Despite efforts by some sections of the international media to make journalistic capital out of Clinton's remarks, the reaction of the Irish media was much more subdued.  Indeed the reaction of most of the Irish public was one of perplexed amusement at the fuss that was being made over such a banal comment. Unfortunate as Clinton's choice of metaphor was it was no worse than what had come before. What had been interpreted as racial stereotyping by certain sections of the international and U.S. media had been recognized as an inability to articulate an ongoing complex political situation by the Irish public. The metaphors, euphemisms and discourse used by foreign affairs spokespeople and the western media have frequently fallen back on stereotypical images of Ireland in their frustration to articulate the complexities of Irish historical and political life. What Clinton and other foreign observers of what has been labelled "The Troubles" have failed to grasp is that the discourses used to describe the shift s in Irish politics need to be re-negotiated in an ongoing basis. In relation to the current political situation in Northern Ireland (even though politicians from both sides of the unionist and nationalist divide speak of an everlasting peace and a complete cessation of sectarian violence) what is taking place is a peace process, a process that has and will continue to be reviewed and negotiated for some time to come.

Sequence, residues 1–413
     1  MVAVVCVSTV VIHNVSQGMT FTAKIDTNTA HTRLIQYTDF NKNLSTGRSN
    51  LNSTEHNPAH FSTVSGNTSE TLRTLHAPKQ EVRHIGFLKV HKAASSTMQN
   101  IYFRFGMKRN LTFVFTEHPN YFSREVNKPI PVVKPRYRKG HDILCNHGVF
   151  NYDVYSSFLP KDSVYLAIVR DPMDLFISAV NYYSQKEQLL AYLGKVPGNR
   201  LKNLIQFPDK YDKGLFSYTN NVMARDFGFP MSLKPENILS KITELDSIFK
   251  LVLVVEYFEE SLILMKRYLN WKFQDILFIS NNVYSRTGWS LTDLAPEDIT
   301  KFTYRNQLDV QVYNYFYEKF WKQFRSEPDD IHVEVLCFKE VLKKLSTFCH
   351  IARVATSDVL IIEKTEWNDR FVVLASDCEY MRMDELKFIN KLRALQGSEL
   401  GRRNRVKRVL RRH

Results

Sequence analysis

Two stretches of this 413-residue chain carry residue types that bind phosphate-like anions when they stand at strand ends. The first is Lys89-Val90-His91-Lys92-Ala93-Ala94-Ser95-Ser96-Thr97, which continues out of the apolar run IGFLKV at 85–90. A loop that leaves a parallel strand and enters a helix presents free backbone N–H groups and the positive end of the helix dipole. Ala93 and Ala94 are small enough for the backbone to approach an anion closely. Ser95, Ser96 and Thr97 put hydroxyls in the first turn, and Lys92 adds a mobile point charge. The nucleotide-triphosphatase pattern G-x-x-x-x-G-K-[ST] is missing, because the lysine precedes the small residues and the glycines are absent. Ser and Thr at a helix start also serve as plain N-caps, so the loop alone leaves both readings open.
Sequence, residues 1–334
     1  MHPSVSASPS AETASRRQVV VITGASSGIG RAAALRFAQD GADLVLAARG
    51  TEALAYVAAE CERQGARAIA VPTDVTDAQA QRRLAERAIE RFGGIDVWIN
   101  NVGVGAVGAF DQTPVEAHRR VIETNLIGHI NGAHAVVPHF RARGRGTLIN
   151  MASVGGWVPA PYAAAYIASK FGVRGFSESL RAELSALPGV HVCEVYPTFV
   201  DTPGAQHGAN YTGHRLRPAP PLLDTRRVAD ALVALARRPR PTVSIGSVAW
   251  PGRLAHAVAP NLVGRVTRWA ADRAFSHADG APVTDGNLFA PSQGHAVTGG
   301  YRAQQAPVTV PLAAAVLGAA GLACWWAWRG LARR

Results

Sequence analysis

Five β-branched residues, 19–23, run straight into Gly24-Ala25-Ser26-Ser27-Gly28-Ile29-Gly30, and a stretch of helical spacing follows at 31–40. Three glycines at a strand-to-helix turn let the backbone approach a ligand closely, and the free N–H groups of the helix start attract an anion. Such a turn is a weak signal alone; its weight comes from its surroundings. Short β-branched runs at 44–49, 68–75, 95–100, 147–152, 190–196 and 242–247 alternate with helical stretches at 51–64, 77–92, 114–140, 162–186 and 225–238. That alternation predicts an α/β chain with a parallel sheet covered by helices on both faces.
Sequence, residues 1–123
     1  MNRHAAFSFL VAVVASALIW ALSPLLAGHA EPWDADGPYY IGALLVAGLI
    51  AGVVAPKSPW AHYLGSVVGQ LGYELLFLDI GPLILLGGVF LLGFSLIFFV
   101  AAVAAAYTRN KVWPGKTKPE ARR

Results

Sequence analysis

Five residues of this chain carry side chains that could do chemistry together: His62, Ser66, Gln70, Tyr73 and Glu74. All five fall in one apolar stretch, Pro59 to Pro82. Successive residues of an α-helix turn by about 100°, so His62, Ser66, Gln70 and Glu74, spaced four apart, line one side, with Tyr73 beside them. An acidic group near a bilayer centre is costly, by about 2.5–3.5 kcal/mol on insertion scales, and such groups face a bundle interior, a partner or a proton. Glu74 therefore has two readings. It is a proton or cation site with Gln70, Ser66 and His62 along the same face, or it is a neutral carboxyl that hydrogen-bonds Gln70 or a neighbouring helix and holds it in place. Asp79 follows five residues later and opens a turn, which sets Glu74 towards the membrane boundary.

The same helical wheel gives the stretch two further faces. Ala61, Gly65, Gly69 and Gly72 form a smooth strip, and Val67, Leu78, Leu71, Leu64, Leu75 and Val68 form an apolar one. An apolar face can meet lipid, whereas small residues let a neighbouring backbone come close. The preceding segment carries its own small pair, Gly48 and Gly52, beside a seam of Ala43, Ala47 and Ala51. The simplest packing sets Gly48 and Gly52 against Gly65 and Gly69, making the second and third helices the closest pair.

It is, however, not just the political situation in Northern Ireland that faces these continual re-negotiations. A broad spectrum of political, historical and cultural practices are continually re-negotiated as a result of massive upheavals brought about by unprecedented economic prosperity and immigration throughout the whole of Ireland. Images of economic prosperity and peace, however, remain alien to those who have viewed Ireland through the two portholes of urban conflict and rural idyll. Such representations after all have been the dominant images of Ireland since the rise of colonial tourism and the uprisings of 1798 and 1916.  These representations have for the most part been produced [and distributed by outside media agencies, either through journalistic representations of Northern Ireland or high production value publications of the Irish landscape aimed at the diaspora. With these dominant representations emanating from outside cultural representative practices, Irish artists and photographers have been left with no alternative but to re-articulate representations of Ireland in terms of these outside media influences. That is to say, artists and photographers have not discarded the remnants of images of Ireland's past in their attempts to represent the changes taking place in the Irish political and social landscape. Rather, these representations form the basis of a re-negotiated territory that sets out to counter the dominant representations of Ireland that exist in western culture.